In a nutshell, you give Google’s Cloud Run a Docker container containing a webserver. Google will run this container and create an HTTP endpoint.
To deploy to the Google Cloud you should build a Docker container image on your local machine. Then, you should upload this container to Google Cloud.
gcloud auth configure-docker docker push grc.io/PROJECT-ID/IMAGE
And finally, you can deploy the pushed container with the following command.
gcloud run deploy --image gcr.io/PROJECT-ID/IMAGE
All the scaling is automatically done for you by Google. If there is a lot of traffic it will add more containers containing the webserver.
Sounds great, but there’s a catch.
Cloud Run depends on the fact that your application should be stateless. If you want to host a traditional web application this means that you should divide it up into a stateless API and a frontend app.
With Google’s App Engine you tell Google how your app should be run. The App Engine will create and run a container from these instructions.
For example, to host a Node project on Google’s App Engine, I can simply create the following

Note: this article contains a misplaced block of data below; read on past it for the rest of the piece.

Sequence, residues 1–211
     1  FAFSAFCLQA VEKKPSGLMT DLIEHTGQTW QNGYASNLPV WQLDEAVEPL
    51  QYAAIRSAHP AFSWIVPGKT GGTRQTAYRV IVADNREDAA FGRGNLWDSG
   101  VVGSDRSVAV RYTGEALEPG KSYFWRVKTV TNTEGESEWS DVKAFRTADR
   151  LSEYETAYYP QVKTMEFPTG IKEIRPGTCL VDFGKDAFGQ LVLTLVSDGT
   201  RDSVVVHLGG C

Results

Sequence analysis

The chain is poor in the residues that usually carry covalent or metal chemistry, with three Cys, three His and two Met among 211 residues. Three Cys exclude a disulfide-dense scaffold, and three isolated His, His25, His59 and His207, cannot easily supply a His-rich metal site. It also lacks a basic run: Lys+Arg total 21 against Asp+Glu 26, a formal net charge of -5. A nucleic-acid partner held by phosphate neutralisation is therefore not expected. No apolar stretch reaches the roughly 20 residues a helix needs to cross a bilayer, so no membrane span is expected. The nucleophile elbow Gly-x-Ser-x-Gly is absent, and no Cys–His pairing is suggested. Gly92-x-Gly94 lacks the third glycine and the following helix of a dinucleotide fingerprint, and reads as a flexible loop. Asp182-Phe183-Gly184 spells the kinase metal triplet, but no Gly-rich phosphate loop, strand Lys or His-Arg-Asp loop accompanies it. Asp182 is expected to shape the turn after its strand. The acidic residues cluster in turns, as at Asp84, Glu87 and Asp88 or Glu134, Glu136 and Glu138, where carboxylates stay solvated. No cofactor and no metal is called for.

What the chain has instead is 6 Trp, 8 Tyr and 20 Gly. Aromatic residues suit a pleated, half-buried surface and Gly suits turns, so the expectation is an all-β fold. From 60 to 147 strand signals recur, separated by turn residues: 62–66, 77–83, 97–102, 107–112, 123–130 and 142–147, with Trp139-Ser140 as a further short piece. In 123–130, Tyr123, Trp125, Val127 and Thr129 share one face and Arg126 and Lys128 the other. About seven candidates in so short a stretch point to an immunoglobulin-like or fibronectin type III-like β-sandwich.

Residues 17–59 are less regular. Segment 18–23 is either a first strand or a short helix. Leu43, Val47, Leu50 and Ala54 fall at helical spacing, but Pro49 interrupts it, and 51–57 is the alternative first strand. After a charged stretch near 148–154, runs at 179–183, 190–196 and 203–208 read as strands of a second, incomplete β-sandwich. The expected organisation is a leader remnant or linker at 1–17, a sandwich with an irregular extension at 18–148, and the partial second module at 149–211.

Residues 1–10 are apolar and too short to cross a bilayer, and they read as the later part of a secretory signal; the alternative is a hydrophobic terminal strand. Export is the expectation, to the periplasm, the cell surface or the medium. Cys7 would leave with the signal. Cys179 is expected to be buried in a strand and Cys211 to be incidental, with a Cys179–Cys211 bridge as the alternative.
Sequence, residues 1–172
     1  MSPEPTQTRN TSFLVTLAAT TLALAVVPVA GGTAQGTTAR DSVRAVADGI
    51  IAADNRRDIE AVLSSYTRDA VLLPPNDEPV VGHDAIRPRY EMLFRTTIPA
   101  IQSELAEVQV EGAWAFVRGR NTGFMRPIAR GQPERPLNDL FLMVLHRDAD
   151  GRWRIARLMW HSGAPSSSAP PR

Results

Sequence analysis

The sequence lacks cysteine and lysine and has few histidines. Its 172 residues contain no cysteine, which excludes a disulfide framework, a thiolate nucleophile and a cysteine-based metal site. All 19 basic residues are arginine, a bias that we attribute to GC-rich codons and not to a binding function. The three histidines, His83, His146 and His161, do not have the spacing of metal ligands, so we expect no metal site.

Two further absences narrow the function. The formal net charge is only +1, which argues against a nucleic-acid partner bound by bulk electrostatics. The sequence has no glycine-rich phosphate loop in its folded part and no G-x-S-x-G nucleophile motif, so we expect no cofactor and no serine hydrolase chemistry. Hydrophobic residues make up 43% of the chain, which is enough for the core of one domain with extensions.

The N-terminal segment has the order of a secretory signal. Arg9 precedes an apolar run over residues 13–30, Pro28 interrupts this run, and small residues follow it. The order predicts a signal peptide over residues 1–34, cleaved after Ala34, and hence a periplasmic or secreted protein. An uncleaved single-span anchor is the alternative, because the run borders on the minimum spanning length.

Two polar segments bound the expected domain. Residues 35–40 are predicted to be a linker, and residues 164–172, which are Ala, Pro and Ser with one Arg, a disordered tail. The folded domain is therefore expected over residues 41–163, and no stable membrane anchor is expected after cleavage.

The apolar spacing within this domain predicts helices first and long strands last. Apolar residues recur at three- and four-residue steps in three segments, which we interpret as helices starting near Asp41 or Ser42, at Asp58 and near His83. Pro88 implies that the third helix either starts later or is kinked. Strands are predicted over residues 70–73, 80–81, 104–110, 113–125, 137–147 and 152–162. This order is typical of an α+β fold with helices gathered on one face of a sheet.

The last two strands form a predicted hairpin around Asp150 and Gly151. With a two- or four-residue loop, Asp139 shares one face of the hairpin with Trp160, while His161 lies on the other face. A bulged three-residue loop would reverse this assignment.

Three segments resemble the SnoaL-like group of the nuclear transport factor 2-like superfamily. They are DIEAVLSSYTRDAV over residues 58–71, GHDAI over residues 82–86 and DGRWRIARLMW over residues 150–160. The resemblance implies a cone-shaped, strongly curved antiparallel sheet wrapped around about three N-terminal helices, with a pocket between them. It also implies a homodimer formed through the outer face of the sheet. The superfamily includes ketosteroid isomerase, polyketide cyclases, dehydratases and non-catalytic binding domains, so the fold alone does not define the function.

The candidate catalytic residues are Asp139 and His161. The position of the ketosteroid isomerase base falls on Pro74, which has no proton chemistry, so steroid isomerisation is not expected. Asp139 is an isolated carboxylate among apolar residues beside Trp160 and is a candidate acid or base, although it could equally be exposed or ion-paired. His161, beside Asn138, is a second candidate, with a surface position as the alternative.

runtime: nodejs12 entrypoint: node build/server.js
To deploy it to the App Engine I can run the following command.
gcloud app deploy
The App Engine will build a Docker Image with the
nodejs12 environment and run the entrypoint command.
All the scaling is automatically done for you. And as a bonus, you can even store state information on the server.
This means that if you want to host an existing web application to the Google Cloud, the App Engine is probably your best bet.
If you have an application that is not stateless then you should go for the App Engine.
Also, deploying with App Engine is super easy. You simply fill out an
app.yml file and Google handles everything for you.
However, with Cloud Run, you have more control. You can go crazy and build a ridiculous custom Docker image, no problem!
In my opinion Cloud Run is made for devops engineers, App Engine is made for developers.